THE KIDS ARE ALL RIGHT is the best reviewed film of the year
We are very excited to open THE KIDS ARE ALL RIGHT Friday at the Alamo South Lamar. It was a breakout hit at the Sundance Film Festival, where it was one of the most celebrated and sought after pictures on display. Since then, it's been knocking the socks off of almost every critic across the country, getting top honors and raves from even the most cynical of reviewers.
Marc Savlov of the Austin Chronicle gives the film four stars, and calls it "one of the most honest and painfully, hilariously accurate portraits of an American marriage and its resultant, tumultuous family ever put on film. It may be the most honest." This sums up the film perfectly, but much of the beauty of THE KIDS ARE ALL RIGHT comes from its individual parts.
The film's all star cast is led by Annette Bening and Julianne Moore, who play a married lesbian couple with two children. Their performances are fantastic. Joe Morgenstern of the Wall Street Journal, who calls the film "thrillingly funny and casually profound," describes the women as "played to perfection" by the talented actresses. "Foreign-language films have subtitles; this film has subtexts that enhance every scene between the two women—unspoken anxieties, insecurities, vulnerabilities, comical but corrosive hostilities."
Into the lives of this happy and distinctly modern family comes the previously-anonymous sperm donor, sought out by the two curious children. This donor is played by the ever-cool and charming Mark Ruffalo who, according to Ann Hornaday at the Washington Post, "draws on every ounce of his considerable sex appeal to play Paul, a mellow, somewhat feckless restaurateur who can seduce just about everything he sets his sights on."
Hornaday also notes the very strong performances by the children, newcomers Mia Wasikowska and Josh Hutcherson. She especially praises Wasikowska, writing, "Within an ensemble of consummate pros, Wasikowska shines as a young woman grappling with the push-and-pull of a lovingly enmeshed family and forging her own fragile identity."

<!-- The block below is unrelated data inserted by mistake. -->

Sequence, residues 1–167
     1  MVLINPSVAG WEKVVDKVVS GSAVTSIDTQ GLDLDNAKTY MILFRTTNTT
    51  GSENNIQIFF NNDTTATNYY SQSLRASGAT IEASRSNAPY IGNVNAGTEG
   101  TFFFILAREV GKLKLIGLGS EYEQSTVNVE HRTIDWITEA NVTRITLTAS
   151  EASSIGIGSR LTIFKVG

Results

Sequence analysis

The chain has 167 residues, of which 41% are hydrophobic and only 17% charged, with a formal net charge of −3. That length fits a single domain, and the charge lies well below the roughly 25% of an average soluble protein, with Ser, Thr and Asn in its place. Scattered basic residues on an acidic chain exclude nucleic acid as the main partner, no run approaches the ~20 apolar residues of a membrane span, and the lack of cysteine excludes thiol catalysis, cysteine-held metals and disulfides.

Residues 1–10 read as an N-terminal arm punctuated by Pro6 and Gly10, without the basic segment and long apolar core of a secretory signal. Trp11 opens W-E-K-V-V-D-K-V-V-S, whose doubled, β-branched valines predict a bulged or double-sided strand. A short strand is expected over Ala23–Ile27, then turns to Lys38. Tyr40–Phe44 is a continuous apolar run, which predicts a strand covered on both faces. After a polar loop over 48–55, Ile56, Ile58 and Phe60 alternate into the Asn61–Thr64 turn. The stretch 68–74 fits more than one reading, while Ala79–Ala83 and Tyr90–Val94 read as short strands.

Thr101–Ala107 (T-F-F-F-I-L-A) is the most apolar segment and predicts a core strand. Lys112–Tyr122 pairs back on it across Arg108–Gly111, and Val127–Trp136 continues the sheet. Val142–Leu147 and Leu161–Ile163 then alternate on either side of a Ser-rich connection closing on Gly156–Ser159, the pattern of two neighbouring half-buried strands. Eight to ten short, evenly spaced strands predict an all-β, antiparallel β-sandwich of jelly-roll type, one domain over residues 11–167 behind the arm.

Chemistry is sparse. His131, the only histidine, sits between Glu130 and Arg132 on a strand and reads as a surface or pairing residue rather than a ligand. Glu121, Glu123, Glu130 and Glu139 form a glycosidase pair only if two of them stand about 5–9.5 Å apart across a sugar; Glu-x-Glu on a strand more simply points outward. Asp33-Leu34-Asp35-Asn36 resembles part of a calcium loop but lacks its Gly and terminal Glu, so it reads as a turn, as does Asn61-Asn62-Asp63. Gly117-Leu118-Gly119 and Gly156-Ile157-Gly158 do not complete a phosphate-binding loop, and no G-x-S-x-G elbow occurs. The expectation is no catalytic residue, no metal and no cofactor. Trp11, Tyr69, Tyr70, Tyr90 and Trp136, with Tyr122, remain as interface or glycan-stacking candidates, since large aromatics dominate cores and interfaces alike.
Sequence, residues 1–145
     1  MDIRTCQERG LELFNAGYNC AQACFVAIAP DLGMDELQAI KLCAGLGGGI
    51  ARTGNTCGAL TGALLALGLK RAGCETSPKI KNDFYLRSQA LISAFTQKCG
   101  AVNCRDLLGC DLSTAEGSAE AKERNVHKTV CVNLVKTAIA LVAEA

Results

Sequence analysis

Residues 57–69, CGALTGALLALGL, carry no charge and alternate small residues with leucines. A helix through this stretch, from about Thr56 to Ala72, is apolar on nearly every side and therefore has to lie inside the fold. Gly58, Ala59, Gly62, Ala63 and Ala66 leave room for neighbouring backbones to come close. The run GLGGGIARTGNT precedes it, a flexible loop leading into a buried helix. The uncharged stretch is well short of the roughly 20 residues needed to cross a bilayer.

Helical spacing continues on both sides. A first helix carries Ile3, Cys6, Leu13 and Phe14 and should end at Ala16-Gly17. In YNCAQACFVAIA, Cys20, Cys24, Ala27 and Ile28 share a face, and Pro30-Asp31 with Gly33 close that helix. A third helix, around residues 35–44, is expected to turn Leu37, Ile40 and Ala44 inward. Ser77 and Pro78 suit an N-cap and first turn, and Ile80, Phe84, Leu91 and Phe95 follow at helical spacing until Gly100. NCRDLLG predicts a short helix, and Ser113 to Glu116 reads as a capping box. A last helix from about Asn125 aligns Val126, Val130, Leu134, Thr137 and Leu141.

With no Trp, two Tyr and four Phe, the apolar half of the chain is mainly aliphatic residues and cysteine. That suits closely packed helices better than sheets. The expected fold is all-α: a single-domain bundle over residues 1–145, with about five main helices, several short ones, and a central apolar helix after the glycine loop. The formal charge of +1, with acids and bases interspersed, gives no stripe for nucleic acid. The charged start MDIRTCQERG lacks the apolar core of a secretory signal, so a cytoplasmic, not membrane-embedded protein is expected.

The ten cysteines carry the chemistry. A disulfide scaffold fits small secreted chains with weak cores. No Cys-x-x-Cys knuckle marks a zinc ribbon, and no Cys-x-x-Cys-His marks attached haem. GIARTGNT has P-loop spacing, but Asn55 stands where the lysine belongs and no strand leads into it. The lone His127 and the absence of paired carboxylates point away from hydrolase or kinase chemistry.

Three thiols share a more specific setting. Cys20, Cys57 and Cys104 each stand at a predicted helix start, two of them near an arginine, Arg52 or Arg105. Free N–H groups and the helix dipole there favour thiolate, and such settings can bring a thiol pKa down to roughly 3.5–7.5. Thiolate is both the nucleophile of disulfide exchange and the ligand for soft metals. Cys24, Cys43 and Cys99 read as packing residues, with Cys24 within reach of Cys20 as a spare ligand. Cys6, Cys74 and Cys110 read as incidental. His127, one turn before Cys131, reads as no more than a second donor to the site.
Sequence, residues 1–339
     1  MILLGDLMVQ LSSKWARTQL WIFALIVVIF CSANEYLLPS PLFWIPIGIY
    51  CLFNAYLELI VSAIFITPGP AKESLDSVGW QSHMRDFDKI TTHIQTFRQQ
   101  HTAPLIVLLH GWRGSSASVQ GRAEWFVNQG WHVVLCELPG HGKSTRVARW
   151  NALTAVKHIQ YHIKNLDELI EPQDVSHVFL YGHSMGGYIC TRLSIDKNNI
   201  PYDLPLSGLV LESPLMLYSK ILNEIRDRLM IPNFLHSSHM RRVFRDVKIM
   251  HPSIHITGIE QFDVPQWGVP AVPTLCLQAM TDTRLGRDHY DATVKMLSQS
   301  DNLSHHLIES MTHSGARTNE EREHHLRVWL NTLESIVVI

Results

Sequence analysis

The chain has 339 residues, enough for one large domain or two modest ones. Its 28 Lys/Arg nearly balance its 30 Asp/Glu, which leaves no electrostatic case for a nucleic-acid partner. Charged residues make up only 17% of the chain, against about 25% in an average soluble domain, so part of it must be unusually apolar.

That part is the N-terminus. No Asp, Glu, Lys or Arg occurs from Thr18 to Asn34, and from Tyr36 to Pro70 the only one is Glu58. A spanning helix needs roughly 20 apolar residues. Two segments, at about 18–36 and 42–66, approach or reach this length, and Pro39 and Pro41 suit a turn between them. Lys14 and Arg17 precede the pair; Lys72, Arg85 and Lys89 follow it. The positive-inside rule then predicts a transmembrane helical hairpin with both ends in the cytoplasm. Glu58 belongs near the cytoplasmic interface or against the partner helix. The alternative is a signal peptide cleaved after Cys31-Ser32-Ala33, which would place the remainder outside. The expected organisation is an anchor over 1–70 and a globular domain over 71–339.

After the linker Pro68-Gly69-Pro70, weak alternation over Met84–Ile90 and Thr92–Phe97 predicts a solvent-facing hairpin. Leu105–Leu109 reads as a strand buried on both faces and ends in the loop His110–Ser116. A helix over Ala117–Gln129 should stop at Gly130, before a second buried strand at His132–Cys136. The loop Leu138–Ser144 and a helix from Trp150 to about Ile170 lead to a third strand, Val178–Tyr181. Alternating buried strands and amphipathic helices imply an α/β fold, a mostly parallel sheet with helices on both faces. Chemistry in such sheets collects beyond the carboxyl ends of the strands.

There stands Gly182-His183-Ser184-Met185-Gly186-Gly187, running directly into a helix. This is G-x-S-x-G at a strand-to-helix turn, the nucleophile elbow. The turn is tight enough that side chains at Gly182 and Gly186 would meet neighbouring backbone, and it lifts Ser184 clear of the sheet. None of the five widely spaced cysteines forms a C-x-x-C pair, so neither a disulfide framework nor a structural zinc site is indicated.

This film, more than anything, is a refreshing change of pace from the typical heart-warming indie films that clutter the American landscape. Rather than focusing on the torment/redemption of the severely dysfunctional family, THE KIDS ARE ALL RIGHT is about a well-adjusted clan with healthy and good natured children whose hearts are in the right places. The fact that the film is about an alternative family, led by two Sapphic matriarchs, makes it all the more exciting. In the USA Today, Claudia Puig describes this uplifting quality: "What makes this story so effective is not that it strives to be relevant in its depiction of a gay couple raising children but that it captures real-life rhythms and sincere concerns — both everyday and existential — experienced by families of all kinds. Theirs may be an unconventional family, but the quandaries and problems are the same as in most families."
This is a film for those adults who are looking for an escape from the blockbusters of this season. Betsy Sharkey of the Los Angeles Times writes, "Whatever your politics, between peerless performances, lyrical direction and an adventurous script, this is the sort of pleasingly grown-up fare all too rare in the mainstream daze of this very dry summer."
You should see this movie this weekend at the Alamo South Lamar, so that you have a chance to love it and see it again. We're opening it at the Lake Creek theatre next Friday for you North Austinites, too.